There is a way that the GOP can be saved. The Wall Street Journal maps it out here.
Since a Virginia court case earlier this week made it clear that a state may not enforce laws overriding the rules of a political party, it is now up to the GOP rules committee to adopt a rule allowing delegates to vote for the candidate they now believe will be the best person to take on Hillary Clinton. If the delegates vote for Trump, so be it. If not, the GOP might have a chance in November.
Right now, it is the Republican establishment and evangelical leaders who are propping up Trump’s nomination. If RNC leaders thwart the Free the Delegate movement by blocking rules changes (as they are reportedly doing right now), then they are responsible for presenting Donald Trump to the nation as the GOP standard bearer. A simple rules change will allow delegates to exercise their responsibility to choose the best candidate. Without it, Trump will become the nominee.
Evangelical leaders (e.g., Eric Metaxas, David Jeremiah, etc) who have come out for Trump have already tarnished their reputation. There is about a day left for them to recant and encourage the delegates to vote for rules changes which will allow the possibility of multiple ballots at the convention. It is simply impossible to take seriously any evangelical leaders who has come out for Trump. This election cycle has really revealed some things to the rank and file for the first time.
Check out these websites and do what you can. Free the Delegates Delegates Unbound
If the effort to stop Trump are unsuccessful, then consider this third party effort.
Donald Trump’s been all over the place with his views of the African-American experience. Yesterday, he said he can’t relate to African-Americans because he isn’t one. He says Obama has been a divider and we need a cheerleader. Then he declines an invitation to speak to the NAACP, where he could cheerlead a little. Then he told Bill O’Reilly he could relate to the system being rigged against blacks because it is rigged against him.
No really, watch what he said below:
Today, a Virginia law binding delegates to the results of the state’s primary was overturned by a federal court today paving the way for a delegate challenge to Donald Trump’s nomination. The case was brought by Beau Correll who sought to prevent enforcement of a Virginia law binding delegates to the primary results. He does not want to vote for Trump and now he doesn’t have to. Judge Robert Payne concluded:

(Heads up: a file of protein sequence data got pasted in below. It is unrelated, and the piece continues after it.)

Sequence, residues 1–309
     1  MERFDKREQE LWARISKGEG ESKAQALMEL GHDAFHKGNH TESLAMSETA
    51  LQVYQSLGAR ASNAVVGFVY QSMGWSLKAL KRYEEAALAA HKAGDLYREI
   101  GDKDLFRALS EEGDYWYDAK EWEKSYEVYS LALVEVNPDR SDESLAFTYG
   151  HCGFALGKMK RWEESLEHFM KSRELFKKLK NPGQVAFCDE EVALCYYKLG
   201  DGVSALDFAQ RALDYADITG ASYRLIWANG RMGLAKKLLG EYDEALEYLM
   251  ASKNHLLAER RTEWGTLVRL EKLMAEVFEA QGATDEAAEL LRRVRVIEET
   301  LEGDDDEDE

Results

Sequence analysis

For the foregoing reasons, judgment will be entered in Correll’s favor on Counts I and II and the Commonwealth will be permanently enjoined from enforcing Va. Code § 24.2-545(0).
According to the Free the Delegates movement, the rules committee is set to allow a vote on a rules change favorable to the anti-Trump forces. The stars would have to align just so, but the potential for a Convention surprise is much greater now.
UPDATE: For some reason, Trump is spinning the results as if he won. See his Facebook page. He is actually citing the statement of facts as the judgment.
David Barton has said things like that before but at Charis Bible College last week he claimed he has the truth because he has “all the original documents.” Watch:
In this video, David Barton renews his war on Christian college professors. He claims we were all trained by “pagan” professors and just say what they taught. However, he is right because he has all the original documents. It is hard to imagine a more arrogant position. He surely knows that any documents of consequence in addressing historical questions are archived and available to historians and scholars. We all have access to the same information. He may have some original letters and other documents but the works of the founders are easily available for review. I challenge Barton to produce an original document of consequence to any of his historical claims which cannot be found elsewhere.
In my case, my history training came at Cedarville College, hardly a bastion of pagan professors.
Historians reading this post: Who is the Christian historian who debates him on Facebook that says America is inherently bad? Does that describe anyone? I think he must be exaggerating.
Another question: Who has parsed his Charis Bible presentations and said how wicked Barton is? Wrong yes, many times. But wicked?
Many Christian historian believe God had a role in history. However, they believe He also wants us to bear true witness, to get the facts right. His role in history isn’t an issue. What is important is telling the story as it was, not making up or embellishing narratives.
Charis Bible students, if by chance you are reading here, check this, this, this, this, this and this out.
Phoenix Preacher is beginning a multi-part series about the case of Saeed Abedini, the Iranian born Christian preacher who was imprisoned in Iran and became an internationally famous symbol of religious repression in Muslim nations. PP was a champion of Abedini’s cause while he was in prison but has now come to doubt key aspects of the narrative. The post today opens an exploration of those key claims. His introduction sets the tone: